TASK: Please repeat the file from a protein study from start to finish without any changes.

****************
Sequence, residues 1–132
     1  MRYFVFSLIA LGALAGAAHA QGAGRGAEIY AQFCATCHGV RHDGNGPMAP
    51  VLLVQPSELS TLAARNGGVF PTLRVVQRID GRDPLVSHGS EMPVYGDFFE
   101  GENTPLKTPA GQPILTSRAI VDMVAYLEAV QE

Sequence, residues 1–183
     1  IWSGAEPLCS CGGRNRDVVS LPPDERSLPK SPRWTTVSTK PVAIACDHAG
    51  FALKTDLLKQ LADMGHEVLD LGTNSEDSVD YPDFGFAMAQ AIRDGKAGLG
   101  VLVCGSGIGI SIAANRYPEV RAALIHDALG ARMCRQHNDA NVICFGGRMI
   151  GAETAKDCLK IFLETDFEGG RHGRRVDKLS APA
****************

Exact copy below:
Sequence, residues 1–132
     1  MRYFVFSLIA LGALAGAAHA QGAGRGAEIY AQFCATCHGV RHDGNGPMAP
    51  VLLVQPSELS TLAARNGGVF PTLRVVQRID GRDPLVSHGS EMPVYGDFFE
   101  GENTPLKTPA GQPILTSRAI VDMVAYLEAV QE

Sequence, residues 1–183
     1  IWSGAEPLCS CGGRNRDVVS LPPDERSLPK SPRWTTVSTK PVAIACDHAG
    51  FALKTDLLKQ LADMGHEVLD LGTNSEDSVD YPDFGFAMAQ AIRDGKAGLG
   101  VLVCGSGIGI SIAANRYPEV RAALIHDALG ARMCRQHNDA NVICFGGRMI
   151  GAETAKDCLK IFLETDFEGG RHGRRVDKLS APA